OSHA Finds Excavation Hazards at N.J. School Construction Site

New York contractor faces $197,000 in fines after complaint leads to inspection of site.

Acting on a complaint in June 2016, the U.S. Department of Labor’s Occupational Safety and Health Administration found employees of one of Verona, N.J.’s largest general contractors working in an unprotected 10-foot deep excavation at a suburban New Jersey high school, in violation of federal safety and health laws. OSHA announced today it has issued citations for nine violations – one willful and eight serious – to The Landtek Group, a New York-based general contractor that specializes in sports facility design and construction. The company faces $197,752 in fines as a result.

The citations, issued in December 2016, follow an OSHA inspection at Verona High School in Verona on June 22, 2016, where the agency found that Landtek allowed its workers to enter and work in an unprotected, 10-foot deep excavation that had no protective systems in place, as required. Landtek is the general contractor for site improvements at Verona High School, including the construction of new tennis courts and synthetic turf fields.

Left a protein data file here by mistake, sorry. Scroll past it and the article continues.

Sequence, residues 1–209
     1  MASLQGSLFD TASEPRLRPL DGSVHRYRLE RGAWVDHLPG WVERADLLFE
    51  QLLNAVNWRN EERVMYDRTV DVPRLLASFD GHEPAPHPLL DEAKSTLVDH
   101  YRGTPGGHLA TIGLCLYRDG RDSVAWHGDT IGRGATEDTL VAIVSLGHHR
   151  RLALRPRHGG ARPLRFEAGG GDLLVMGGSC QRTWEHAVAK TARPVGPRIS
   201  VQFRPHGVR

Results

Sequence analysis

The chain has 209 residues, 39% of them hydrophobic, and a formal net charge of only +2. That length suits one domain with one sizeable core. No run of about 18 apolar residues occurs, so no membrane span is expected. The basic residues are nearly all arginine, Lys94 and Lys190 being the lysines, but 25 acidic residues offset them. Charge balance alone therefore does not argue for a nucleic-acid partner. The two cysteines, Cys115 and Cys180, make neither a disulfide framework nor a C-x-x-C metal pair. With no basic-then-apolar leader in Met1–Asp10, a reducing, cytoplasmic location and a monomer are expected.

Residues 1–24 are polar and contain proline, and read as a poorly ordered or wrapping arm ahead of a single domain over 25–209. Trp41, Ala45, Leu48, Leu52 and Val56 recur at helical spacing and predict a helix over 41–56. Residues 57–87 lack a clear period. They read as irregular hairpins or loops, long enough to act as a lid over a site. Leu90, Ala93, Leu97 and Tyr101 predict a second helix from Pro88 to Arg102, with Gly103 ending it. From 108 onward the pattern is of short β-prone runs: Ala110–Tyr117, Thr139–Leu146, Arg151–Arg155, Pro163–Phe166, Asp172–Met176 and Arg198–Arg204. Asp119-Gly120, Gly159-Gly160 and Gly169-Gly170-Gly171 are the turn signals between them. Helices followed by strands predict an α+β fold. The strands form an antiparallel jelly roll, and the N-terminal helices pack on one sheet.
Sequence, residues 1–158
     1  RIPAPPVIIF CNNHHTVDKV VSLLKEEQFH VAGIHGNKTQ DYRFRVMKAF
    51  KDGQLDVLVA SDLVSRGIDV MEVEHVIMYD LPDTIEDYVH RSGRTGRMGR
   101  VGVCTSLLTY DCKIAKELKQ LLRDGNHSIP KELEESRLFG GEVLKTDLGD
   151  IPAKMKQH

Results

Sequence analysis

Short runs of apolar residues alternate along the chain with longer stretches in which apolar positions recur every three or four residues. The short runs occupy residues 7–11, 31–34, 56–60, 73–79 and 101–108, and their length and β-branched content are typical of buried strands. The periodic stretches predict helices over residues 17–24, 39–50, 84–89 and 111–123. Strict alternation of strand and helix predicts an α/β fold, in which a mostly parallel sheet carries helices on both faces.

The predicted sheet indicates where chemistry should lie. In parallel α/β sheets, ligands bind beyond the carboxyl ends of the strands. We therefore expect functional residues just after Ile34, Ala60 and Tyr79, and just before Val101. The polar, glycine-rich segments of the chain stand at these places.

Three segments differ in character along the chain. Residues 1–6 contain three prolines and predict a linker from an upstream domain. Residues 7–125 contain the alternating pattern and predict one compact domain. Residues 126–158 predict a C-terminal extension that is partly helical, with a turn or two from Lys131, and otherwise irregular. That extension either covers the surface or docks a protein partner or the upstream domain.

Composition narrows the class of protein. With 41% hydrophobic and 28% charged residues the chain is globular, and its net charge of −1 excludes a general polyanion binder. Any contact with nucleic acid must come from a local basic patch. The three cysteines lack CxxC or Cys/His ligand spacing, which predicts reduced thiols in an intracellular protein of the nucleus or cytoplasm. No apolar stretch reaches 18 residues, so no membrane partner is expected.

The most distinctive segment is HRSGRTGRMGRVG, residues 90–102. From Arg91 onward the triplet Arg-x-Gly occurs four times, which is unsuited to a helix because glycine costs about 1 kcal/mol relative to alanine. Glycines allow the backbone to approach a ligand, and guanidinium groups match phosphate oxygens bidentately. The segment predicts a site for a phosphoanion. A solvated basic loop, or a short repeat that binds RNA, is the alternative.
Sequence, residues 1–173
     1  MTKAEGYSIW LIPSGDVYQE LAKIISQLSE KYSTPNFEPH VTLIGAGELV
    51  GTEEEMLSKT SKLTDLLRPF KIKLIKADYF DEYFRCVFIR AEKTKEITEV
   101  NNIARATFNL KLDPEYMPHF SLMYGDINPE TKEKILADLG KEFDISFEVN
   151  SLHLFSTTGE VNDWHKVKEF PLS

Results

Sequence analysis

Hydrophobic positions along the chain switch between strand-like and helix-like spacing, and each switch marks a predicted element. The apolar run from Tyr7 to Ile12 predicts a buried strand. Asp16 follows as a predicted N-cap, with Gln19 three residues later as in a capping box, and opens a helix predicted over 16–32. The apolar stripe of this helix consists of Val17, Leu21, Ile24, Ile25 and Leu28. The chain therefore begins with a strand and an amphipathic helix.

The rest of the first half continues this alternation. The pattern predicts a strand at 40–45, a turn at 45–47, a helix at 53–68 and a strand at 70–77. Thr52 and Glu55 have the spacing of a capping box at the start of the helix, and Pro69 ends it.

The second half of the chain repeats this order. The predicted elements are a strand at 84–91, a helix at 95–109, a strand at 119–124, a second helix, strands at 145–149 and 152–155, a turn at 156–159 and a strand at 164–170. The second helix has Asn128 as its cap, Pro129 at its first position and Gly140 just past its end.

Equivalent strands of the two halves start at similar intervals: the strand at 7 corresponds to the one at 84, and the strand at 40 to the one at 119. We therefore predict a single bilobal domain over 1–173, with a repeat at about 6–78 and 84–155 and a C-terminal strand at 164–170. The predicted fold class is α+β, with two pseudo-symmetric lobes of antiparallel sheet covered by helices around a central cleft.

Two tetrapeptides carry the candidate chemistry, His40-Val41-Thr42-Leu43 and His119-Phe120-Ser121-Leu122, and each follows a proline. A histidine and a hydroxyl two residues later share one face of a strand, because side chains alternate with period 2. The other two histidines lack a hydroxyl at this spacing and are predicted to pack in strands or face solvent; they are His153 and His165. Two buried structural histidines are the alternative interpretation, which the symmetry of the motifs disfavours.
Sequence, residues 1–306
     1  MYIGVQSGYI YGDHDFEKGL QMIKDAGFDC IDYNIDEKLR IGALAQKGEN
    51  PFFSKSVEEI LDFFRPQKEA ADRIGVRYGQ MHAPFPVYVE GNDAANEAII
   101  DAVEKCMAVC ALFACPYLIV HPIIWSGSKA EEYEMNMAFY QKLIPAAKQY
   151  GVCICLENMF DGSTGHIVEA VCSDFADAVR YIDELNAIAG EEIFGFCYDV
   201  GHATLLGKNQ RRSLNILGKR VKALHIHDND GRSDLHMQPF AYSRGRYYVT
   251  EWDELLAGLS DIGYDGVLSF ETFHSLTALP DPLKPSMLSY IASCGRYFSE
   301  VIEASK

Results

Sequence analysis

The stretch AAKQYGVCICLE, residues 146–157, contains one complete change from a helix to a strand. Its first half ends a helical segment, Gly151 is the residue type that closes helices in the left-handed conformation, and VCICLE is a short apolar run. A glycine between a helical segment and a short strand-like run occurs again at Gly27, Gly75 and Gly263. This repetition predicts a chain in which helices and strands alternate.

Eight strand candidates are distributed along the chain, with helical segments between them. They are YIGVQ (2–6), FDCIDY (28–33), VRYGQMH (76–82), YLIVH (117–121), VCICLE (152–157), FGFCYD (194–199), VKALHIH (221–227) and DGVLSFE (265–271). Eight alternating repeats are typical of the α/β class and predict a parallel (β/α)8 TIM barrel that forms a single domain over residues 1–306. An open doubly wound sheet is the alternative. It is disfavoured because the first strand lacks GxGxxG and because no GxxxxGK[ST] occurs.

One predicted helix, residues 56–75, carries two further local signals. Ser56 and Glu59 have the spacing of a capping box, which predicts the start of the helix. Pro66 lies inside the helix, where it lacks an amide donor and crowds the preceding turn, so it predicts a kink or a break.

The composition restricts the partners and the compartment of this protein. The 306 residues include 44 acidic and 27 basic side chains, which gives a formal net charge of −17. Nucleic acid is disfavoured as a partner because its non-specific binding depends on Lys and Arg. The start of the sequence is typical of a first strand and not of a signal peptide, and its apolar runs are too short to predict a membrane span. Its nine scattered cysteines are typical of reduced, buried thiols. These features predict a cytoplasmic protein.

“Without needed protections in place, an excavation can quickly become a grave as thousands of pounds of soil collapse upon workers below ground. The Landtek Group must re-examine its safety procedures and take all available precautions – including installing shoring or other means – to prevent unexpected movement or collapses of the soil that can lead to disaster,” said Kris Hoffman, director of OSHA’s Parsippany Area Office.

The contractor was cited with a willful violation for exposing workers to cave-in hazards because the excavation lacked proper cave-in protection or safeguards.

The citations can be viewed at https://www.osha.gov/ooc/citations/TheLandTekGroupInc_1158268.pdf

OSHA has a national emphasis program on trenching and excavations. The trenching standards require protective systems on trenches deeper than 5 feet, and soil and other materials kept at least 2 feet from the edge of trench.

To ask questions; obtain compliance assistance; file a complaint; or report amputations, eye loss, workplace hospitalizations, fatalities or situations posing imminent danger to workers, the public should call OSHA’s toll-free hotline at 800-321-OSHA (6742) or the agency’s Parsippany office at 973-263-1003.

For more information, visit http://www.osha.gov.